There was always a taste of this or that, bits of caviar and chocolate and glasses of port.
I began my adult life with enough of a food education to work in kitchens, and I worked as a cook for most of the eight years I spent going to college. I worked at greasy spoons, zooming through 300 covers with no one else in the kitchen except the dishwasher. I worked in some very nice little kitchens, too. I never worked on a formal brigade, I don’t know how I would have done with that level of formality. I almost went to work with Jimmy Sneed, when he was running the Frog and the Redneck in Richmond. I balked during the interview process when they were talking about the hours and the specificity of the thing. I don’t remember what they needed, but basically they said something like “You’ll have to come in at 5 AM Sunday through Thursday and assemble terrines for 11 hours.”
I read cookbooks and food books, and I love them, but I rarely cook from them directly. They inspire, they bring new ideas, new flavors to think about. And they remind me of things I can never remember for some reason, like how much liquid it takes to cook a half cup of polenta.
3. I saw you use both Twitter and Facebook. Do you have a social media strategy? Do you have a smartphone?
My phone is smarter than me, I’m sure. I don’t have a strategy — maybe I should ask my phone if it does? I bet it does.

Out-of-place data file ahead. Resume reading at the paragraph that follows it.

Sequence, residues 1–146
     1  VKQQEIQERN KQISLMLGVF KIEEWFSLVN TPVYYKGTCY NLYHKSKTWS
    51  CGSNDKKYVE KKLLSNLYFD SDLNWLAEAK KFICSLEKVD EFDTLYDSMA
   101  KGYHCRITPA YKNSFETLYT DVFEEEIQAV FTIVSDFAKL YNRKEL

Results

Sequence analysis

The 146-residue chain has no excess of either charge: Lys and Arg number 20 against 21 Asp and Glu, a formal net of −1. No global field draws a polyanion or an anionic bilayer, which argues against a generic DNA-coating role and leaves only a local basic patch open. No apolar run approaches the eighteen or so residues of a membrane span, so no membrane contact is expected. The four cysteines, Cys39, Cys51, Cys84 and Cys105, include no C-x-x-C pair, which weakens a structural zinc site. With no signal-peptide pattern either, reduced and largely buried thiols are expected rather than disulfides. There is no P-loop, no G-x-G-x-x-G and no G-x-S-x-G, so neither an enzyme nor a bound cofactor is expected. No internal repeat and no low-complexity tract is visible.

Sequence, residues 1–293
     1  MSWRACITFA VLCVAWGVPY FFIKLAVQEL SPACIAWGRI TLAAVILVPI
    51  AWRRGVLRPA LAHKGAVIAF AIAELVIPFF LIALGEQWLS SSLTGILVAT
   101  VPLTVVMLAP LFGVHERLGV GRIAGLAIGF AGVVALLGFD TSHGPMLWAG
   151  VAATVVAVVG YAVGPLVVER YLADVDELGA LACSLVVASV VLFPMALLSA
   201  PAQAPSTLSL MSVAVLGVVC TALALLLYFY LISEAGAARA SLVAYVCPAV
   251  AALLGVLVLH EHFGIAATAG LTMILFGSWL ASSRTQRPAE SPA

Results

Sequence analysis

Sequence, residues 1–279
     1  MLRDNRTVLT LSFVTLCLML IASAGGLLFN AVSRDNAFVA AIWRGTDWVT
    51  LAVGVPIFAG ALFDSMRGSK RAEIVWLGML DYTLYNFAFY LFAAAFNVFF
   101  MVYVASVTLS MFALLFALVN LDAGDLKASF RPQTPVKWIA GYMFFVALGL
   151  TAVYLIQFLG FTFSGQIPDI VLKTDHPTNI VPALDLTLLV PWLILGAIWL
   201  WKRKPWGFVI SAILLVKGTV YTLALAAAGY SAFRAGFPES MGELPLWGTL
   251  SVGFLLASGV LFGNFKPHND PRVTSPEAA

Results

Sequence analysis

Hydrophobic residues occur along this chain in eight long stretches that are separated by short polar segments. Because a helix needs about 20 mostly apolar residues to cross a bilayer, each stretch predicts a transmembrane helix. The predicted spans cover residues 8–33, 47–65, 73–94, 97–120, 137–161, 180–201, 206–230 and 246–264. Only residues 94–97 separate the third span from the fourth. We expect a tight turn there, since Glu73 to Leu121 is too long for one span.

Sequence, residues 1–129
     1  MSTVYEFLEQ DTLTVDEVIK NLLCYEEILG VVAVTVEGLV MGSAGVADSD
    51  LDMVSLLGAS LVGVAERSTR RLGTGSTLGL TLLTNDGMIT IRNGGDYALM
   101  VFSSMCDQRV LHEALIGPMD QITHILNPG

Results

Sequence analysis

4. If you could be anywhere in the world where would that be? What would you eat/drink once you got there?
I would really like to see one of those outdoor noodle bazaars that spring up at night in Vietnam, but if I have to choose one place, I’d always say that I want to be at home. My perfect day involves shucking oysters in my yard, with a good fire and some good whiskey, maybe a bottle of champagne. It’s a very attainable goal — in fact, it’s what I did this weekend.
5. Is there anything that you’ve imbibed that brings a tear to your eye? What is it? Why?
Just this weekend! A friend of mine shot a wood duck, and we hung it for a few days to get some high game flavor. We put it in a smoker with a hot wood fire going and fire roasted it. We ate it off the cutting board. I smeared some foie gras on a piece of crusty baguette and laid a slice of the breast on top of it. One of the best things I’ve ever eaten.
Warren Bobrow is a mixologist, chef, and writer known as the Cocktail Whisperer. In 2010, Bobrow founded “Wild Table” for Wild River Review and serves as the master mixologist for several brands of liquor, including the Busted Barrel rum produced by New Jersey’s first licensed distillery since Prohibition.
Bobrow has published three books on mixology and written articles for Saveur magazine, Voda magazine, Whole Foods-Dark Rye, Distiller, Beverage Media, DrinkupNY and other periodicals. He writes the “On Whiskey” column for Okra Magazine at the Southern Food and Beverage Museum and has written restaurant reviews for New Jersey Monthly.
His first book Apothecary Cocktails, was published in September 2013; and immediately went into a second printing. In 2014, he published Whiskey Cocktails. He was born and raised in Morristown, NJ, on a Biodynamic farm.
Warren Bobrow in this Edition
COCKTAIL WHISPERER, Editor